Although the Muslim Brotherhood, which is committed to Islamise societies and introduce sharia law, professes non-violence, al-Qaeda has "historical and ideological affiliations with the Egyptian Brotherhood."
Gulf Monetary Union
Monetary union of the Gulf currencies was the projected theme of this year's conference. Agreement was reached. All the technical work had been done before the leaders met. So news of the new currency's name, the 'khaliji', and of the date by which monetary union would be enacted, December 2009, were in the public sphere before being ratified by the AGCC leaders.
A Gulf monetary union and common currency would enable the Gulf economies to become independent of global economic pressure caused by being pegged to a fluctuating US dollar, on which the price of oil is based, or so the theory goes.
While correcting a broken link in this article, I came across another story which chimed with my own perceptions:
The years of difficulties, delays and doublespeak suggest that there is more chance of Bahrain winning the football World Cup in 2010, than there is of you or I being asked to settle a bill in khaleeji, or whatever Gulf leaders elect to name the currency.Single currency? Meh!. If that link gives up working, look for the title on Arabian Business dated 17th December 2008.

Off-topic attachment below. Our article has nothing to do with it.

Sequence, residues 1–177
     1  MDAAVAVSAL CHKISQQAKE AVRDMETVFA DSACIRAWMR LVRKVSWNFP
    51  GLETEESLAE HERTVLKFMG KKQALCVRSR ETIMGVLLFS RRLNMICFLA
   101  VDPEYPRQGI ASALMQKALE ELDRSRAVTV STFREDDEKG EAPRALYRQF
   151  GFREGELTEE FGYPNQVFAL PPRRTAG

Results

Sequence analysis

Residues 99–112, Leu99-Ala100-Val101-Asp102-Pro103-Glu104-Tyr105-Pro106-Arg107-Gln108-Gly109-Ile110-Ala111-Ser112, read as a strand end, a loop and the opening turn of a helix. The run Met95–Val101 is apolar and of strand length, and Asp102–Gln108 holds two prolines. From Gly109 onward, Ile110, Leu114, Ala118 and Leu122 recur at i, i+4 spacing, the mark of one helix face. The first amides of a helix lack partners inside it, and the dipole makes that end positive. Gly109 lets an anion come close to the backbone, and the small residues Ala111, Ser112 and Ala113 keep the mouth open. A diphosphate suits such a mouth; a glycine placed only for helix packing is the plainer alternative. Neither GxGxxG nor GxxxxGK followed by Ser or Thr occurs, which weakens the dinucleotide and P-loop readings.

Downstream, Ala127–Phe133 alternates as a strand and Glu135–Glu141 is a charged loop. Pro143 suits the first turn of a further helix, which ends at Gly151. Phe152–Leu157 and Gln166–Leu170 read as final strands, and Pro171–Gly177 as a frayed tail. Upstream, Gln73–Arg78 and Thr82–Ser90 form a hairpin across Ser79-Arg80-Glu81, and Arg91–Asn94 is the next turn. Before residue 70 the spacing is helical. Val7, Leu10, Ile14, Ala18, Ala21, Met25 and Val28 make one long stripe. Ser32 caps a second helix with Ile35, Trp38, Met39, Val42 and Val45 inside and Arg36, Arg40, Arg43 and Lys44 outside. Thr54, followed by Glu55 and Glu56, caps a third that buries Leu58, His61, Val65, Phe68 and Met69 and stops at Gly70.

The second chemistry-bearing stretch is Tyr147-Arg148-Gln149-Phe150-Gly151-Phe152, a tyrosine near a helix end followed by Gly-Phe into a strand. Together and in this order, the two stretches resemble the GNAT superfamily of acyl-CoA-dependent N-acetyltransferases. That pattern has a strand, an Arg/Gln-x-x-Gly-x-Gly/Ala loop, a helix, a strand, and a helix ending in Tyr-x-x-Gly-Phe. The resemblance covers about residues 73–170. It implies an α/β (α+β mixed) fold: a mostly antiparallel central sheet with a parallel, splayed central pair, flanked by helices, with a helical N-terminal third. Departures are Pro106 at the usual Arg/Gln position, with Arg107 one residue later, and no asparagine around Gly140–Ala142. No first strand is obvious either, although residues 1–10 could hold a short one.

Oman withdrew from plans to join the monetary union in 2006, saying that its economy was not ready. Not only that, Minister for National Economy, Ahmed bin Abdul Nabi Makki, again confirmed this week the Sultanate's view that the region itself was not ready for monetary union.
HM Sultan Qaboos bin Said al-Said's opening remarks to the conference, calling for a mechanism to stablise oil prices, emphasises that Oman believes efforts would be better devoted to broad international discussion of economic conditions.
Only the monetary union is to be launched in January 2010. Decisions on the single currency and the location of the Gulf Central Bank require further discussion.
Both Oman and Kuwait cut their interest rates in December, following Federal Reserve rates, even though interest rate cuts can worsen inflation. Oman's inflation rate did fall to 13.4% in September 2008, just 0.3% less compared with the inflation rate in August.
The Muscat Declaration
The summit concluded with another Muscat Declaration.